Bjorn’s Corner: Sustainable Air Transport. Part 47. eVTOL traffic

By Bjorn Fehrm

November 25, 2022, ©. Leeham News: We have gone through the flight principles for different eVTOLs, the critical systems such as battery systems and flight controls, their energy consumption/performance, and how green they are compared to other ways of getting to an airport.

This is all about the flying vehicle. But it’s only part of the system needed for this transport system to work and be safe. We now discuss the other bits needed.

Figure 1. The JFK, Newark, and Manhattan airspace. Click for a detailed view. Source: Foreflight.

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Bjorn’s Corner: Sustainable Air Transport. Part 46. eVTOL comparison with helicopter

By Bjorn Fehrm

November 18, 2022, ©. Leeham News: In the comments to last week’s Corner, there were requests for a comparison with a helicopter re. Sustainability (kWh/km). Here you go.

I also threw in a cost of operations discussion, as the helicopter is the present alternative to an eVTOL for city-to-airport air transports.

Figure 1. The Robinson R66 five-seat helicopter. Source: Wikipedia.

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Bjorn’s Corner: Sustainable Air Transport. Part 43P. eVTOL IFR range. The deeper discussion.

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October 28, 2022, ©. Leeham News: This is a complementary article to Part 43, eVTOL IFR range. It discusses the typical maximum range we can expect from a certified eVTOL when it faces IFR weather conditions.

Flying in IFR conditions requires flight planning with increased reserves if the eVTOL can’t land at the destination airport and must divert to an alternate airport.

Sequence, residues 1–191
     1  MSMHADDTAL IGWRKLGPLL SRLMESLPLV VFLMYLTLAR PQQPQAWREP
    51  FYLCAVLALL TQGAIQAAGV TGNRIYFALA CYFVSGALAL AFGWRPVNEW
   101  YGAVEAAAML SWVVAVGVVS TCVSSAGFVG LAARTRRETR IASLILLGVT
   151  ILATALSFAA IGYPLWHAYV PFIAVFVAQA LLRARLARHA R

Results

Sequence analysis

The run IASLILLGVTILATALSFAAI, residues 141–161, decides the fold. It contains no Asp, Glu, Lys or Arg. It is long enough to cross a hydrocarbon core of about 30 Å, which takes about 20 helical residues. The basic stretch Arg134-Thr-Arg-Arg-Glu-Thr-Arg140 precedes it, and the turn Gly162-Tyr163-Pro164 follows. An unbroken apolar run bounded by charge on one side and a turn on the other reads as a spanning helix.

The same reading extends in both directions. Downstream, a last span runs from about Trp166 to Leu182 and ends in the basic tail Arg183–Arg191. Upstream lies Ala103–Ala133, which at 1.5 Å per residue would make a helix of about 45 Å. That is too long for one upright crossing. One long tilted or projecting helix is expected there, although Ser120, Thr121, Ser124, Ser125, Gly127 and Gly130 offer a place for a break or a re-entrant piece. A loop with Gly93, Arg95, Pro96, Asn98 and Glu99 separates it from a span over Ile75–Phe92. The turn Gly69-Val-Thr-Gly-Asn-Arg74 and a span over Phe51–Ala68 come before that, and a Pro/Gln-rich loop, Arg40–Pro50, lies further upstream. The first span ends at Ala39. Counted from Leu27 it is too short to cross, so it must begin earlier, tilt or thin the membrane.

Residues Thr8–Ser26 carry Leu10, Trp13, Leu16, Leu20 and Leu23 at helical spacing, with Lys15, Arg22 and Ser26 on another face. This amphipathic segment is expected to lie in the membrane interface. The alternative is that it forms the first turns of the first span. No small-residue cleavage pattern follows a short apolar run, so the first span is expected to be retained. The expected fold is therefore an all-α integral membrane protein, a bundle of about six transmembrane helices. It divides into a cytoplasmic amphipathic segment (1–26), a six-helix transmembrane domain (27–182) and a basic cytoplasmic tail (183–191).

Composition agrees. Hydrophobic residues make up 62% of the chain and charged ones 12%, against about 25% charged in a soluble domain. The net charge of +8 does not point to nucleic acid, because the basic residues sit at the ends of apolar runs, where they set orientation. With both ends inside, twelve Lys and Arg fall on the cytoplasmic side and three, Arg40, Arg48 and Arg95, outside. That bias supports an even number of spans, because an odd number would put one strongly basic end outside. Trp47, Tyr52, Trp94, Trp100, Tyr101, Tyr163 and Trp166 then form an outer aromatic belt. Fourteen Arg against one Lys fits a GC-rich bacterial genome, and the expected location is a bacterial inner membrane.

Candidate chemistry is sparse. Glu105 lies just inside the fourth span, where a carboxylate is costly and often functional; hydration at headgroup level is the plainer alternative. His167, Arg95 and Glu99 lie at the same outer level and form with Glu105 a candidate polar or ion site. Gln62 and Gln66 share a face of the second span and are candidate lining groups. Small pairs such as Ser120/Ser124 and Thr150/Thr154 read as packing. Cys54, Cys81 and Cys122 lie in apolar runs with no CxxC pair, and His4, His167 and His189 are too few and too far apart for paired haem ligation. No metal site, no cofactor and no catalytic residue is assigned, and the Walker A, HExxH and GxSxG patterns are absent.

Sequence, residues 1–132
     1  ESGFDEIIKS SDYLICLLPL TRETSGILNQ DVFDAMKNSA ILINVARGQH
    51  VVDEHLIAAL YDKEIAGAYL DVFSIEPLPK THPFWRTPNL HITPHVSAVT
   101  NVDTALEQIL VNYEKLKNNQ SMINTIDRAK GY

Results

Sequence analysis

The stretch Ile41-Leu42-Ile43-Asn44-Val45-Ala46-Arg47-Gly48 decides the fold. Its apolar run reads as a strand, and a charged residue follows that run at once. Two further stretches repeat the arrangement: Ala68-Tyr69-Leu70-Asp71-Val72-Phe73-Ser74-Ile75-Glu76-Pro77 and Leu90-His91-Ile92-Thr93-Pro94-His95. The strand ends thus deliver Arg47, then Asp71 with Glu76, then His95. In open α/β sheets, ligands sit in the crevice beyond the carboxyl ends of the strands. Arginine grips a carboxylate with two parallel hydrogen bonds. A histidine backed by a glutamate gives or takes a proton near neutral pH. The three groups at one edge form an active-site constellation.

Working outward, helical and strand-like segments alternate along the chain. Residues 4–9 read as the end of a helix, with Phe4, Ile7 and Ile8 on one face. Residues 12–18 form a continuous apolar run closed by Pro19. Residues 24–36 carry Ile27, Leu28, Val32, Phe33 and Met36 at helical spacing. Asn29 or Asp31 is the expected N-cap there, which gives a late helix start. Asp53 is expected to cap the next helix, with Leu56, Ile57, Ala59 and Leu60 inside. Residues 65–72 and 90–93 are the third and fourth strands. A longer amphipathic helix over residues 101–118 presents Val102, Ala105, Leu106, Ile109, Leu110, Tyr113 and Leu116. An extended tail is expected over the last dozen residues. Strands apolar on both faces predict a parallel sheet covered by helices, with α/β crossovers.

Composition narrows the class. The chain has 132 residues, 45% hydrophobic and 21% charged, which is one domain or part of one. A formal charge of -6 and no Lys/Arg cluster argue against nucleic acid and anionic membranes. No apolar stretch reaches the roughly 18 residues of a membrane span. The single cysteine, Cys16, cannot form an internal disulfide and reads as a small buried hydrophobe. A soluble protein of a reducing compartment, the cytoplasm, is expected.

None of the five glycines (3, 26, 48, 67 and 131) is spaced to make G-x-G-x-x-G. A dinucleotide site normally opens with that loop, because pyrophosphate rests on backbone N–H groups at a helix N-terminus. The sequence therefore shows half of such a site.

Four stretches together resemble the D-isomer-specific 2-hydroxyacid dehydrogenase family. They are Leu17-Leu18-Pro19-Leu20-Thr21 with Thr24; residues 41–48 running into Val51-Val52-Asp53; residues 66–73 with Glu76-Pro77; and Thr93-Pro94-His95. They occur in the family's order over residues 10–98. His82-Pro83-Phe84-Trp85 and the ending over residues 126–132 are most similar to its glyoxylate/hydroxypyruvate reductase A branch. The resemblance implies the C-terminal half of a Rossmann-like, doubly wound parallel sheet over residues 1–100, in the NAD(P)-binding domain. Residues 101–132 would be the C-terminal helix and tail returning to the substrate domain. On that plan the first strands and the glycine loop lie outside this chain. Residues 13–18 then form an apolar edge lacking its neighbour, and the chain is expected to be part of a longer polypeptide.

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EASA: SAF production must increase dramatically to meet climate goals

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By BRYAN CORLISS

Oct. 3, 2022, © Leeham News: Aviation is “a key vulnerable economic sector that is only in the early stage of adaptation to climate change,” according to a new report from EASA, the European Union’s Aviation Safety Agency.

To meet the industry’s environmental challenges – and there are several — more must be done to identify the hazards and risks that extreme weather events caused by climate change can bring to the industry, the report says.

The report also recommends that more needs to be done to plan for the impact of extreme weather on aircraft and airline infrastructure. The industry and regulators also need to “identify and apply ‘win-win’ solutions” to reduce carbon dioxide and other emissions from airliners, and to accelerate the deployment of aircraft and air traffic control technology to improve the efficiency of Europe’s airline fleet.